Usually, in the opening pages of a whodunit, we have to hide our bad guys– make them look harmless, blend them into a pool of red herrings, or keep them out of sight altogether. The plot of my recently released young adult mystery, Fighting Chance, offered me a rare opportunity to put my killer at the center right from the beginning. To start building an ominous tone from the first sentence–it felt irresistibly tempting. But whenever we start with the bad guy, we face special challenges, and we have tough decisions to make.
Thanks for sharing this, BK, and I love the new site. I like the voice you’ve created for Matt. He sounds like a mature youth to me ( though I know you say he has some growing to do). And I love the idea of showing the killer from his point of view. Jane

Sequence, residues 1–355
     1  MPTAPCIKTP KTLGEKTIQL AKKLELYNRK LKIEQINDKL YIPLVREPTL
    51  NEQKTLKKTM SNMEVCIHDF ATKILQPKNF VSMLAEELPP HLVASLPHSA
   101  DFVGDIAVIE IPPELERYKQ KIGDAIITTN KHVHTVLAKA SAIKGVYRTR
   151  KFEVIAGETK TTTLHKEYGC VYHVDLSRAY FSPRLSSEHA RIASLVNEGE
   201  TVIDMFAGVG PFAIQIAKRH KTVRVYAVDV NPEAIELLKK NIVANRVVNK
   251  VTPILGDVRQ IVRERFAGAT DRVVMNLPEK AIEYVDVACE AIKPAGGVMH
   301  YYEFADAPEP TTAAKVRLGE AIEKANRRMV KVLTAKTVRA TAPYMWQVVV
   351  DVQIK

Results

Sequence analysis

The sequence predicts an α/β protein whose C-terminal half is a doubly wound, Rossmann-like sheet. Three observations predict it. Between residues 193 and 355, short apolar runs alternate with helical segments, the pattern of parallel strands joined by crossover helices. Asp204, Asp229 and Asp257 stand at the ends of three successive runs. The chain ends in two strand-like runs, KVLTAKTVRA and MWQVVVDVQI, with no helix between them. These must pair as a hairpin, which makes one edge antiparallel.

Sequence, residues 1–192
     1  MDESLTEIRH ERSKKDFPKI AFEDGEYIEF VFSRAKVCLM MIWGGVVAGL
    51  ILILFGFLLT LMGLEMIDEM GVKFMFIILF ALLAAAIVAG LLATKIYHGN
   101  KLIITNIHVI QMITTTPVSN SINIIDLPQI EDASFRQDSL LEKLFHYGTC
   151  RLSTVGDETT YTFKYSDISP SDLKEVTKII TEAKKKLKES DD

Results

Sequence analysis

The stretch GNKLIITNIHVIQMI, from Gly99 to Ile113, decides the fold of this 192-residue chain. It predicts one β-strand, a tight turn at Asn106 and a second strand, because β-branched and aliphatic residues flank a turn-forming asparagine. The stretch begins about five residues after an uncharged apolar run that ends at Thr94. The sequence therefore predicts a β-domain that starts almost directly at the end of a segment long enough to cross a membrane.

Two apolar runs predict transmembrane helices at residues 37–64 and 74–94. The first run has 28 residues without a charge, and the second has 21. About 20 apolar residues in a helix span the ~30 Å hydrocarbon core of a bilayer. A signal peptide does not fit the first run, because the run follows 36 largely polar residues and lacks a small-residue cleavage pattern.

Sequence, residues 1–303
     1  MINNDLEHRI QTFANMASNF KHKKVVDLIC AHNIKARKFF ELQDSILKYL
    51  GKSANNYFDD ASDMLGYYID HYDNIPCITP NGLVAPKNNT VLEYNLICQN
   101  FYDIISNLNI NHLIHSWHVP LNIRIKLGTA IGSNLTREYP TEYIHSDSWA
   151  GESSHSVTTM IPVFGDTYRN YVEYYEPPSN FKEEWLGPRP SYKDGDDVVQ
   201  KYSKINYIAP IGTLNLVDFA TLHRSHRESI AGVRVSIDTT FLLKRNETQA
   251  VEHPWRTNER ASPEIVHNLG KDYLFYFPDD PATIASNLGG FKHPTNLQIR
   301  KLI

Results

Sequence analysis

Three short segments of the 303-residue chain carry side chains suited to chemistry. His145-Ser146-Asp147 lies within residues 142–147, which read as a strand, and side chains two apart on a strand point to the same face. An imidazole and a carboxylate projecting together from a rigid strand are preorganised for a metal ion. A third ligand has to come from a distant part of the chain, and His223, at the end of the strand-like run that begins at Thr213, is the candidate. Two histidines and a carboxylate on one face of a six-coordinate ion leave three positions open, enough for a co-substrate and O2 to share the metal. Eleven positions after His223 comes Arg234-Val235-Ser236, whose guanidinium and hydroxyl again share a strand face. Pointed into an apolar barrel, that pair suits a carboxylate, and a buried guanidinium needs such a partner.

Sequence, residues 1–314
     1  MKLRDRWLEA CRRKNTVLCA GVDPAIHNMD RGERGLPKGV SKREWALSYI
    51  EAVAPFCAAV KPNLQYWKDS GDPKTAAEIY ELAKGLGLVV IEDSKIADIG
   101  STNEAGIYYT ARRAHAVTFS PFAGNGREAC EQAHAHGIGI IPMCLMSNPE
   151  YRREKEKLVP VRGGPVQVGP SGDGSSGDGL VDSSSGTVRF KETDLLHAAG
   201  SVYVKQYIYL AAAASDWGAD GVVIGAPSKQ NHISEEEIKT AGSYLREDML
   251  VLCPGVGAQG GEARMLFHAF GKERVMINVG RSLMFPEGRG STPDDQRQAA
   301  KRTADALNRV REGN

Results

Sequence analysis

Thanks for your comment, Jane! (And thanks for testing the comment system–your comment got caught in a spam filter, but I found it; now let’s see if my reply makes it to you). Yes, I agree that Matt’s mature in some respects, not in all respects–he handles relationships with other boys better than he does relationships with girls or family members. But he’ll learn–I tried to make the novel is a coming-of-age story as well as a mystery.